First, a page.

Antiseizure medications that are not metabolized via the CYP enzyme system and do not inhibit these enzymes thus have important advantages over older agents. These include levetiracetam, pregabalin, lacosamide, lamotrigine, topiramate, and perampanel (table 1). (See "Antiseizure medications: Mechanism of action, pharmacology, and adverse effects".)

Displacement of protein-bound agents – Antiseizure medications and chemotherapy agents that are highly protein bound can interact by displacing each other. This displacement can alter levels of free and protein-bound drug for both antiseizure medications and the chemotherapy drug. Levetiracetam has little protein binding.

Duration of antiseizure medication therapy — For select patients with a sustained period of seizure freedom who are deemed at low risk for recurrent seizures, tapering an antiseizure medication in order to minimize side effects is an option. Careful re-evaluation of the need for ongoing drug treatment is important, since antiseizure medication-related somnolence, dizziness, and mood changes can severely impact quality of life [64]. However, quality of life can also be affected by recurrent seizures, as has been shown in several studies [65].

Note that seizure worsening (eg, increased frequency or altered semiology) after a seizure-free interval in a patient with a known brain tumor, especially a low-grade tumor, could be an indication of a change in the tumor and should prompt repeat imaging.

Factors associated with risk of seizure recurrence – Numerous factors may affect the risk of seizure recurrence upon withdrawing antiseizure medication therapy [64]:

Seizure type – Generalized seizures are associated with a lower risk and partial seizures a higher risk of seizure recurrence

Seizure frequency prior to remission – Low seizure frequency prior to remission is associated with a lower risk of recurrence

Duration of seizure remission – One to two years of seizure freedom portends a lower risk and shorter periods a higher risk of seizure recurrence [64,66-69]

EEG findings – Normal EEG findings are associated with a lower risk, while the presence of epileptiform abnormalities such as sharp or spike waves portends a higher risk of seizure recurrence

History of status epilepticus – A history of status epilepticus portends a higher risk of seizure recurrence

Tumor location – Midline and occipital lobe tumor location are associated with a lower risk, while insular, frontal, and temporal lobe locations are associated with a higher risk

Tumor type – Anaplastic glioma, glioblastoma multiforme, metastatic disease (with the exception of melanoma), and lymphoma are associated with a lower risk of seizure recurrence; low-grade gliomas, glioneural tumors, and hemorrhagic metastases are associated with a higher risk

Tumor treatment – Total surgical resection is associated with a lower risk, while radiotherapy, chemotherapy, and subtotal/partial resection are associated with a higher risk

Tumor status at the time of antiseizure withdrawal – Long-term stable tumor after treatment and low short-term risk of tumor recurrence are associated with lower risk of seizure recurrence, while short-term stable disease and high risk of tumor recurrence are associated with a higher risk of seizure recurrence

Patient-related factors – Factors that may influence patients to request antiseizure medication withdrawal include a high burden of adverse effects, undesired drug interactions, substantial financial burdens (eg, limited insurance coverage), or drug-associated teratogenic risk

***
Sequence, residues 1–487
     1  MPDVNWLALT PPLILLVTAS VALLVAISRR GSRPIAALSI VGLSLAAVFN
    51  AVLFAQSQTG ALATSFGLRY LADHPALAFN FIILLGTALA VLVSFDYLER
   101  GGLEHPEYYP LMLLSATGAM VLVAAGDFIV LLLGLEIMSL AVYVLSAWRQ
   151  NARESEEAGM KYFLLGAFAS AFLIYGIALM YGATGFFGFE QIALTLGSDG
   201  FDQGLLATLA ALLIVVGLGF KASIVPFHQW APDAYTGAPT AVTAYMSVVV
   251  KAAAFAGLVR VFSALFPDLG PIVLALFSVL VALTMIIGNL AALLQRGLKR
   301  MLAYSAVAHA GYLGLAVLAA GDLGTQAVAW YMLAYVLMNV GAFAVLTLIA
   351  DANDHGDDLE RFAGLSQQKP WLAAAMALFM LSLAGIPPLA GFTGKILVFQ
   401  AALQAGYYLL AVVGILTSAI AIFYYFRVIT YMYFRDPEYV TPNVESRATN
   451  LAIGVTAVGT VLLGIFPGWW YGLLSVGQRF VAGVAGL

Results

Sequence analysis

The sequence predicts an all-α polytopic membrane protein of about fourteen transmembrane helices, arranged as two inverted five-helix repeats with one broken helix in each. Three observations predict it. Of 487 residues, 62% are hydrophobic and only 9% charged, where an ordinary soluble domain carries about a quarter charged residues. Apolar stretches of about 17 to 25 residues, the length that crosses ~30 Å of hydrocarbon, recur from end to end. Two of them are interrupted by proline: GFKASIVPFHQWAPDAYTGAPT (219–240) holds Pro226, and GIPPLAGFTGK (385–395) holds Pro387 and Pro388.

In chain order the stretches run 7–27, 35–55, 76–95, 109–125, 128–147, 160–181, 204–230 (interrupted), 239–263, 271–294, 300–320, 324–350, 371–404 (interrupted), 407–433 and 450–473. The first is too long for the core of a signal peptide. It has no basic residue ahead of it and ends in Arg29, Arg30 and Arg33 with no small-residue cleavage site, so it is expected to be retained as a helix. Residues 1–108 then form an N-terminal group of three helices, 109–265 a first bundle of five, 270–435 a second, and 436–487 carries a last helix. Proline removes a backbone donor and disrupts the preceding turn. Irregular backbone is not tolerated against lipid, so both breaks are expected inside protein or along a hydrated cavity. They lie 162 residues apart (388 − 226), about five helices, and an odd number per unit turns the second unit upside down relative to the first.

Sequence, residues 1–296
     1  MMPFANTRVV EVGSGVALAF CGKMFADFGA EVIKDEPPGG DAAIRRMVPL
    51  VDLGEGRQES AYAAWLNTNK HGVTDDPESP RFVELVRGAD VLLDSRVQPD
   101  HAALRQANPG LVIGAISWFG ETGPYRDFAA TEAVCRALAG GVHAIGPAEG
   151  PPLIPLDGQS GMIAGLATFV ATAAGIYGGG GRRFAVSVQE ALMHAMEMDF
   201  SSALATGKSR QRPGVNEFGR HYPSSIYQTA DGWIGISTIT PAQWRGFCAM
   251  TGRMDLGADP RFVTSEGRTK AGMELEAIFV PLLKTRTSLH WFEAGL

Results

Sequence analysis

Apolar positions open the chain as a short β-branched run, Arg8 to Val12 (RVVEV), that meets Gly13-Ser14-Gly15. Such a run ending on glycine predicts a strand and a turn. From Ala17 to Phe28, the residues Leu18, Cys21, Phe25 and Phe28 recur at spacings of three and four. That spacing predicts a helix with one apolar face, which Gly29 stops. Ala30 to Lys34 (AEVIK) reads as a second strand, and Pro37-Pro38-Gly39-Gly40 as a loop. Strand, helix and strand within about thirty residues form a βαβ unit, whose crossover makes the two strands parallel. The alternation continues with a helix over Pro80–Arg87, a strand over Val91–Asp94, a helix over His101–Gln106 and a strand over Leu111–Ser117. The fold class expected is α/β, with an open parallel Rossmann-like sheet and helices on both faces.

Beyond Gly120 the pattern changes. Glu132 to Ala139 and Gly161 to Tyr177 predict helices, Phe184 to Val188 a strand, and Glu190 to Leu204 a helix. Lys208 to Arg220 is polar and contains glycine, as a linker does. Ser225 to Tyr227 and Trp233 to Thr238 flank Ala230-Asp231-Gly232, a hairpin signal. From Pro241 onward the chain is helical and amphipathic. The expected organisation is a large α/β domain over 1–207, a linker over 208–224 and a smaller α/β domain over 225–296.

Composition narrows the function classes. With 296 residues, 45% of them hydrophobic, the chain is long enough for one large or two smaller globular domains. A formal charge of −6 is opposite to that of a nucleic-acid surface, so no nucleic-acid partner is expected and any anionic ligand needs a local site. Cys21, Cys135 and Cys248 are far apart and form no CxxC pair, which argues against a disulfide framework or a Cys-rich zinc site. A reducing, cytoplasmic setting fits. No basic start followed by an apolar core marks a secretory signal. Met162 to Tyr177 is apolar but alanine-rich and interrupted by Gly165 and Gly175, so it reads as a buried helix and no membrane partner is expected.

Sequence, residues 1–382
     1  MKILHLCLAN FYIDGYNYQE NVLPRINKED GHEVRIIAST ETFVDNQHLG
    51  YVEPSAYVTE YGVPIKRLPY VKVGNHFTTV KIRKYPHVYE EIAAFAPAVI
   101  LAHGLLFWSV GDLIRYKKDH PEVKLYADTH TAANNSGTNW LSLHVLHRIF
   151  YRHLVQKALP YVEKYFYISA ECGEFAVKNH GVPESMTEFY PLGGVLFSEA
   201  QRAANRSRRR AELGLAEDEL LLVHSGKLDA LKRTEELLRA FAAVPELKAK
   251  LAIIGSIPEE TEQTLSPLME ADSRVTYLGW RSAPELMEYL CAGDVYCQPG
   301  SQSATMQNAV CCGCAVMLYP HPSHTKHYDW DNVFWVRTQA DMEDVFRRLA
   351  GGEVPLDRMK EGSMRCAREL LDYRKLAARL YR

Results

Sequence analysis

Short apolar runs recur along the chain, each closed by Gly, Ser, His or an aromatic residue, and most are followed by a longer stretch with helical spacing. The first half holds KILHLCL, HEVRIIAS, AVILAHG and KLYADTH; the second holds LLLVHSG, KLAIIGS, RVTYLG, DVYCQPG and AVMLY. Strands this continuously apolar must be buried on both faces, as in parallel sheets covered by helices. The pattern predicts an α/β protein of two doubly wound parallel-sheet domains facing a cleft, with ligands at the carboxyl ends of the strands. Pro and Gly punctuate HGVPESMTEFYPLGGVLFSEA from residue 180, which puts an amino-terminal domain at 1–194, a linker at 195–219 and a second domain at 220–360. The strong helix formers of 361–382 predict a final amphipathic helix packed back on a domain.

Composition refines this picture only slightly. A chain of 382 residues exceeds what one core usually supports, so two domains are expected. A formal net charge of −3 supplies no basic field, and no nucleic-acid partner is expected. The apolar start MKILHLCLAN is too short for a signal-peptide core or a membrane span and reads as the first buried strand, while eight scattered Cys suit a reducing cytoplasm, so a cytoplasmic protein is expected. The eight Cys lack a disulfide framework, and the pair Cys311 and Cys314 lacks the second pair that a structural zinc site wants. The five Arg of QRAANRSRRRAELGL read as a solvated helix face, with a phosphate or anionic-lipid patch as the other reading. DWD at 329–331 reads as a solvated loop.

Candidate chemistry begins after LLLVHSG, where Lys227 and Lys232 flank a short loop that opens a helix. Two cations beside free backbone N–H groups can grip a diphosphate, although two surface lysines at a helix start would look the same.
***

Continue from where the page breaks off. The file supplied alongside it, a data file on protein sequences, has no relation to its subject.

Few studies have evaluated the risk of breakthrough seizures after antiseizure medication withdrawal; one small prospective observational study of patients with gliomas found that 26 percent had seizure recurrence during follow-up after antiseizure medication withdrawal, while seizure recurrence affected only 8 percent of patients who continued antiseizure medication treatment [70].

Patient preferences – We find that antiseizure medication tapering is often driven by patient preferences. Some patients desire antiseizure medication withdrawal after a seizure-free period because of side effects or the inconvenience of taking medications; others will prefer continued antiseizure medication prophylaxis due to concern of seizure recurrence after antiseizure medication withdrawal [71].

Timing of drug withdrawal – For most patients with brain tumors, a minimum period of one year of seizure freedom after the end of antitumor treatment seems to be appropriate before initiating drug withdrawal. However, the optimal timing of antiseizure medication withdrawal for patients with brain tumor is unknown [64]. Extrapolating from patients with nontumor-related epilepsy undergoing epilepsy surgery, a 2015 Cochrane review of five trials found that withdrawing antiseizure medications before two years of seizure freedom was associated with a higher risk of seizure recurrence compared with two or more seizure-free years [66].

Method of drug withdrawal – Slow rates of antiseizure medication tapering over one to three months may reduce the risk of provoking seizures and also allow the treating physician to resume previous dosages if seizures occur during a drug taper. However, the optimal rate of tapering is unknown [72]. An EEG prior to and during drug withdrawal can aid management. One study found that in patients with worsening EEG findings (eg, the presence of sharp or spike waves) during antiseizure medication withdrawal, seizures recurred in 83 percent [73]. The optimal rate of drug withdrawal is also unknown.

ROLE OF PROPHYLAXIS

Patients without seizures — Prophylactic antiseizure medications are generally not recommended for patients with a primary or metastatic brain tumor and without a history of antecedent seizure [74-78]. An exception might be brain metastases from melanoma.